Researchers may have found the first location where humans and Neanderthals lived together... and perhaps really got to know each other.
Update: Scientists state that this discovery could help determine when early humans left Africa for the Middle East, Europe, and parts beyond. They argue that the skull represents a bridged gap between the early humans of Africa, and the neanderthal's found farther north. After these species met and started to interbreed, the offspring would eventually spread across Europe.
"Before now we had a theory, but we didn't have the evidence. We didn't have the smoking gun," said Israel Hershkovitz, leader of the study, and professor of anatomy at Tel Aviv University. "This is the first specimen that connects the continents."
Early humans and neanderthals are believed to have come from the same distant relative in Africa hundreds thousands of years before, only to break off from one another (both in features and in location). The re-merging of the two later on was always believed, but never definitively proven.
The 55,000-year-old mark was reached via radioactive dating. Other caves in Israel hold human remains that go back even further -- 100,000 years, give or take.
The human-neanderthal co-mingling is still in theory territory, as scientists search for additional evidence in the region. A site with both neanderthal and human remains has yet to be found.
If you watched X-Men: First Class, perhaps you remember Charles Xavier's thesis, which suggested humans and Neanderthals wiped each other out due to innate differences. It's a theory science actually believed for a very long time, but increasingly it seems our ancestors took a different approach - a sexy approach. Genetic studies have uncovered evidence that some humans and Neanderthals interbred instead of fighting, creating a mixed species that influenced modern humans. Now a new paper suggests a possible location for where this merge first began: Galilee, Israel.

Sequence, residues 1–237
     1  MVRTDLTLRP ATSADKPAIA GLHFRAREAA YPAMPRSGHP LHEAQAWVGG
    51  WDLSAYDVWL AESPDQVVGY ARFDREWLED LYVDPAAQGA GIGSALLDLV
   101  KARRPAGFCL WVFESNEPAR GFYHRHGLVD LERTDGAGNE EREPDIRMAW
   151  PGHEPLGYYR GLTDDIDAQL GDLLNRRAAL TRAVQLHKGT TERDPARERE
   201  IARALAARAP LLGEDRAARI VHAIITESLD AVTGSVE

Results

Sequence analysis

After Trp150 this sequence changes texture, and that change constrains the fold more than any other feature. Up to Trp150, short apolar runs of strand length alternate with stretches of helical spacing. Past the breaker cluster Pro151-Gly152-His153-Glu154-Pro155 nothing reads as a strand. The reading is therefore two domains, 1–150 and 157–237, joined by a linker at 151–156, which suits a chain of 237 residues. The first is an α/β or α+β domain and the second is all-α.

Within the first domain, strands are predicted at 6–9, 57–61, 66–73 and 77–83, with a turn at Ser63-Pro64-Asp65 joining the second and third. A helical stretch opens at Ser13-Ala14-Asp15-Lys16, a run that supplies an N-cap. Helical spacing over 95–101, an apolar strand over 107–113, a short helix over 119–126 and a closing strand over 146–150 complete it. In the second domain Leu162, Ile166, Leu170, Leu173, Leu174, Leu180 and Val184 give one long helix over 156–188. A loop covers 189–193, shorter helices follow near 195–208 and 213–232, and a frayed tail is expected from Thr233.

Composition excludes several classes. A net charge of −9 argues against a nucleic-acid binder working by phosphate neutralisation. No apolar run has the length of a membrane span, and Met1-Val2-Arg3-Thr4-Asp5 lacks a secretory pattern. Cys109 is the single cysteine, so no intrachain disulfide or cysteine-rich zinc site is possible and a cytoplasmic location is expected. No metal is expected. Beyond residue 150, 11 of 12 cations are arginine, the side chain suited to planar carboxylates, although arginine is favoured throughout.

The conclusion is based on a 55,000-year old human skull uncovered in a cave in western Galilee. The skull itself, dubbed "Manot", represents the first human living in the region during an era when Neanderthals dominated the region. "Manot clearly shows that Neanderthals and modern humans lived side by side in Israel for a long period of time," Israel Hershkovitz of Tel Aviv University explained.
There's still a great deal we don't know Manot - we're pretty sure the skull was female, but the missing brow ridge makes it hard to tell for sure. It's also not entirely clear whether Manot was part of a wave colonizing Europe and Asia, or came from an earlier colonization effort that failed. We're also still waiting to see if Manot is a human-Neanderthal descendant, which needs to be confirmed by DNA anaylsis. Either way, she marks the earliest point when humans and Neanderthals lived side-by-side, a likely time frame for some inter-species loving.
Even if Manot personally wasn't interested in human-Neanderthal fun time, we know it occurred in the era. Genetic studies in 2010 proved that 2% of genomes in Europeans and Asians consist of Neanderthal DNA. Later research determined that some amount of interbreeding happened 50,000-60,000 years ago, which fits Manot's lifespan. Hopefully this discovery will shed more light on their history of our ancestors... even if all we learn about are their bedroom habits.